A company is justified in firing a unionized employee for masturbating in a bathroom stall at work, a labour arbitrator in Nova Scotia has ruled. The employee had also been warned about his behaviour two years earlier. The employee and Unifor, his union, tried various unsuccessful arguments in their grievance, including that he had a disability of sex addiction. For privacy reasons the employee is not named in the ruling, which came down last week and is publicly posted in an online legal database. It appears to be the first Canadian labour case on the subject.
Employee fired for workplace masturbation shows that accommodation has its limits
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An arbitrator has upheld a company's decision to fire an employee after he was discovered masturbating loudly in the workplace toilets. The unidentified man, working for an aerospace firm operating hangars at the Halifax Stanfield International Airport in Canada, had his contracted terminated after his colleagues heard him engaging in onanism during working hours. He had apparently been warned by his employers twice before about touching himself, but had apparently grown "more brazen" over time. The employee claimed that he had a sex addiction, which he argued was a disability, and stated that his prior warnings had been so vague as to be incomprehensible, since management had used obfuscating euphemisms to describe his behaviour.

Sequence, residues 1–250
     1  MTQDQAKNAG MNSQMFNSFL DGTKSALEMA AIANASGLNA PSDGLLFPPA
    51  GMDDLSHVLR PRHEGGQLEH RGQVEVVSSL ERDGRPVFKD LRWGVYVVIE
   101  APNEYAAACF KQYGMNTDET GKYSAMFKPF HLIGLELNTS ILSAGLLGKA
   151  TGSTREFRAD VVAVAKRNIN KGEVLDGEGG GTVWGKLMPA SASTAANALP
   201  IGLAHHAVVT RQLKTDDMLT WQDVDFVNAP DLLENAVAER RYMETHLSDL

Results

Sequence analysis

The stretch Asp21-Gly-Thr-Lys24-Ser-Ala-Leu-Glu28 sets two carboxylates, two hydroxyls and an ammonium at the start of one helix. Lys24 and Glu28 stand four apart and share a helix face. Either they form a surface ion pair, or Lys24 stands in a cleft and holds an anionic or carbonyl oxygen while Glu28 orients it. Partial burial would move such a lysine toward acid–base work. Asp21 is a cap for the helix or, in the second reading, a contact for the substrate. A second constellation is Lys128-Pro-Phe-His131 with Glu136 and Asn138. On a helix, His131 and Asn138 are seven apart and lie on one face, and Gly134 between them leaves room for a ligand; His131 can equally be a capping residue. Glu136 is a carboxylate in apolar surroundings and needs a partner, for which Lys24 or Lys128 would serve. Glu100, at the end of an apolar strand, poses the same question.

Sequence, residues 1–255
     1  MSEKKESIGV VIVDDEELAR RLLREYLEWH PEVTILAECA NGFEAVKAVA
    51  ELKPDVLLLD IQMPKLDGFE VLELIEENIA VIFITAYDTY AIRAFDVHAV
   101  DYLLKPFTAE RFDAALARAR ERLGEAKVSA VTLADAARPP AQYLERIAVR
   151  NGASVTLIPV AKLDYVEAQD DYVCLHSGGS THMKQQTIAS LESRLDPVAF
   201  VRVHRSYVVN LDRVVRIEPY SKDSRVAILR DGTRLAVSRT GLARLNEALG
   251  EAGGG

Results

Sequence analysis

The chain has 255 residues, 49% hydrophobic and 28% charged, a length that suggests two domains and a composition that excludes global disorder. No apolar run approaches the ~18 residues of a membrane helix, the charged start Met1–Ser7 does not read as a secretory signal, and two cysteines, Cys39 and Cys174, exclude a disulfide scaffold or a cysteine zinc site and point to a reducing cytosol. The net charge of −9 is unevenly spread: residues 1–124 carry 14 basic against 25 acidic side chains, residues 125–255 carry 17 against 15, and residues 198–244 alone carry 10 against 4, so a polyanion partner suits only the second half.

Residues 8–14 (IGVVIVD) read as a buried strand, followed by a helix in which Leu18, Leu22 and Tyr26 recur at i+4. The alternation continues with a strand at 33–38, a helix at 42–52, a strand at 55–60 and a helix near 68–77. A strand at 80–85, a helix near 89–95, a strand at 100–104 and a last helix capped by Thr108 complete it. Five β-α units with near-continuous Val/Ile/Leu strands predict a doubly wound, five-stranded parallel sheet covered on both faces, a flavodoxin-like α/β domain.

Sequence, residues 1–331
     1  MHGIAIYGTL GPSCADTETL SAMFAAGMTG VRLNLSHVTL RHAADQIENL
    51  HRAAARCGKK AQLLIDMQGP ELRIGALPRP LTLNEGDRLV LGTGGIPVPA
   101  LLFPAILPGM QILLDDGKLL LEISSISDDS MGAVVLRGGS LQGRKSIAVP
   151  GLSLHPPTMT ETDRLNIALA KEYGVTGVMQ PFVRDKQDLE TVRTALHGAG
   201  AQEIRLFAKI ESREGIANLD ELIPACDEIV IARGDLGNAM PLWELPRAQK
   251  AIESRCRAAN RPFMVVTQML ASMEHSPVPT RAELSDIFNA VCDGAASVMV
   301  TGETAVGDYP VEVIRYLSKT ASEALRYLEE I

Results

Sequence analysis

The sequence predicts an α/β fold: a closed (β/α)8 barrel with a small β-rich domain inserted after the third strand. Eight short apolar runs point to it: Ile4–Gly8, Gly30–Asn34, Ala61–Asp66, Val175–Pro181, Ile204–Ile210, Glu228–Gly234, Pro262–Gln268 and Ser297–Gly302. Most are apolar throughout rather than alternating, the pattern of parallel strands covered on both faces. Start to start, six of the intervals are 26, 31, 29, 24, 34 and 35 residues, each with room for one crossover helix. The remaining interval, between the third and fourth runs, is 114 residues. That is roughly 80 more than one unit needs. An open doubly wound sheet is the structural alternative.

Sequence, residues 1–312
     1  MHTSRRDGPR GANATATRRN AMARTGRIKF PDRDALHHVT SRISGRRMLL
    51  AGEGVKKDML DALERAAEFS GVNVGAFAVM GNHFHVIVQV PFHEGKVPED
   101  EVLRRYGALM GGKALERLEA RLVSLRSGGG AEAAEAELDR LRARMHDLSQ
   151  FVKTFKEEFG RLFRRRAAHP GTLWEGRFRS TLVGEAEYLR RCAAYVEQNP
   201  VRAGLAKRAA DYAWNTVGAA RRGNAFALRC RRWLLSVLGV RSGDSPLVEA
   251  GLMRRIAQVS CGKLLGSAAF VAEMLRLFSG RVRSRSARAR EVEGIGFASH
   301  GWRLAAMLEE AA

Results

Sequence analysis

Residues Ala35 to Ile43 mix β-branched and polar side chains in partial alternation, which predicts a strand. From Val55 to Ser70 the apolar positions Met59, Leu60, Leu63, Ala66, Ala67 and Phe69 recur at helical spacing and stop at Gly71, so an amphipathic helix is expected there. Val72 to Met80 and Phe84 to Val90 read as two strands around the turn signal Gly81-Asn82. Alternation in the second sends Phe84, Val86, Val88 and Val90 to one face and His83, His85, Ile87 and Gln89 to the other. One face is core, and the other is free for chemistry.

A recent labour case involving an employee in Nova Scotia who was fired for masturbating at work is a complex intersection of employee misconduct, progressive discipline and alleged disability. An aircraft log controller with 18 years of service, represented by Unifor, was terminated for cause after he was repeatedly heard by other employees masturbating in a bathroom stall. In a meeting, the employer advised AB of these reports. Instead, the behaviour ceased.
A lawyer has justified a company's decision to fire an employee after he was masturbating in the bathroom stall of the workplace toilets. The unnamed man had been warned two years earlier for the same behaviour but, more recently, employees went to human resources to report that his conduct had returned and became 'more frequent and brazen'. Now an arbitrator has concluded that the firm were right in the action they took to dismiss the man. Both the employee and his union, Unifor, tried various arguments which were unsuccessful.